Donation funds a supportive doctoral school

24.01.2018
Eeva Lehtinen

A new, motivating and communal path towards a doctoral degree was realised thanks to a donation from the Land and Water Technology Foundation.

Members of the Water and Development research group from the left: Pekka Kinnunen, Maija Taka, Lauri Ahopelto, Amy Fallon, Olli Varis and Venla Niva. Photo: Nita Vera.

A doctoral research project is the sum of many things. The doctor-to-be must have the ability to grasp totalities, think critically and independently as well as master research methods, the literature and good scientific practices. They’ll need to apply their expertise in working life and have a healthy amount of perseverance.

Encouraging modes of operation

The Department of Built Environment’s Water and Development research group has launched new kinds of sustainable and encouraging modes of operation to doctoral training. The four-year scheme was started thanks to a €2 million donation granted by the Land and Water Technology Foundation.

The group researches topical water issues, the interaction between water and development as well as sustainable technologies. At present, its members include six doctoral candidates who started their doctoral research in 2017. They are being supervised by Professor Olli Varis and Assistant Professor Matti Kummu. Close support is provided by postdoctoral researcher Maija Taka, who acts as the project’s coordinator. The team also has an international steering group, which spars with them on both the content of research and their work practices.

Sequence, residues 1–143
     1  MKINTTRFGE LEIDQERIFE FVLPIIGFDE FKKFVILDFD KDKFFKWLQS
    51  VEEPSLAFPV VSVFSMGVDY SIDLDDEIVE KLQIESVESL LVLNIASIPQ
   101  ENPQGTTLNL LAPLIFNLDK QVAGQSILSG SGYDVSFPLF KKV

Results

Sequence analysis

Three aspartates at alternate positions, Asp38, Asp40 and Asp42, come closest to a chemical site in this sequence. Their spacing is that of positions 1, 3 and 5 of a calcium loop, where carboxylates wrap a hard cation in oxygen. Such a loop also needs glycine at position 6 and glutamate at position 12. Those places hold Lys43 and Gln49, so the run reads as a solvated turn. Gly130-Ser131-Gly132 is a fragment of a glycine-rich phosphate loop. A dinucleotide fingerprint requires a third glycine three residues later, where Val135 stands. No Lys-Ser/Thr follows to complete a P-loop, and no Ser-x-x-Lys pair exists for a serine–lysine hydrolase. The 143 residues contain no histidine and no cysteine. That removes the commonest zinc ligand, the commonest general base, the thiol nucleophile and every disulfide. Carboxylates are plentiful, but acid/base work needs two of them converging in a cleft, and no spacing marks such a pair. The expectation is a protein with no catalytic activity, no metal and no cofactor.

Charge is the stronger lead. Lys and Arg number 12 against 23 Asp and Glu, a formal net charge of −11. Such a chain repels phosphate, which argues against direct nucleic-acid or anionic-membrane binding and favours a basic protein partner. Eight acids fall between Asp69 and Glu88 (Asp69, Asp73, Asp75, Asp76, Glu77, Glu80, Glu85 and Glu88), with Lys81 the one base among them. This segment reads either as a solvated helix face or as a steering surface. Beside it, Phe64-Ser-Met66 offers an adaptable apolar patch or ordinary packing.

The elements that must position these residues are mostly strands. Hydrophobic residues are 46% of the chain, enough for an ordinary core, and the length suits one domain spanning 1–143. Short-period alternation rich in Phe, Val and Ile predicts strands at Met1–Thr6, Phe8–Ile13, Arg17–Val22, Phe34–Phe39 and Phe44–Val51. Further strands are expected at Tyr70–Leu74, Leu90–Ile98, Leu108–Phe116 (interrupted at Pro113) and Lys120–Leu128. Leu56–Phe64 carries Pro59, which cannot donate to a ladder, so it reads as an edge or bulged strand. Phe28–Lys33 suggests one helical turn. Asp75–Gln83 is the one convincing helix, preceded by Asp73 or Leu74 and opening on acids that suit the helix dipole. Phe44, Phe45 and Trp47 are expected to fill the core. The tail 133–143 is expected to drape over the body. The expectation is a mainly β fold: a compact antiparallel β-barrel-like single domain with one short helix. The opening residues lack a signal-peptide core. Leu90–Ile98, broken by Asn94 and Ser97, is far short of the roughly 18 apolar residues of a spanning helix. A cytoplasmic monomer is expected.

Guidance and support are important

“Our idea is to form the process leading to a doctoral thesis into a path of personal development along which you can learn and discover new things,” says Olli Varis.

The project emphasises the significance of guidance, support and peer learning. The doctoral thesis process is systematic, and both parties make a commitment to progress the work.  
Doctoral candidate Venla Niva graduated with a Master’s in engineering last June, and is now busy researching slums and their standing between cities and the surrounding countryside.  

“I’m examining the linkages between water security and slumification, and what the administrative function can do to steer growth in a sustainable direction. The group is of great help in my work, we meet often are all in roughly the same stage of our doctoral research,” Niva says.

The responsible experts of the future

The doctoral students participating in the project will be polished into independent and competent researchers who will be prepared to enter working life also outside of academia.    

“Practical skills and the societal impact of research play an important role with us. Our aim is to educate the experts of the future, responsible water sector specialists and problem-solvers who are prepared to tackle the world’s major ¬challenges,” Olli Varis outlines.

The doctoral candidates of the Water and Development research group learn together, often considering their own research questions in cooperation with the other team members.

“Our model has proven to be very effective. It would be easy to apply in other disciplines as well,” says Professor Olli Varis.

giving.aalto.fi
The donations received by Aalto University are used to fund high-quality teaching and research. The minimum donation eligible for a tax deduction is €850. The university can also accept bequeathed donations.

This article is originally published in the Aalto University Magazine issue 21, January 2018. (issuu.com)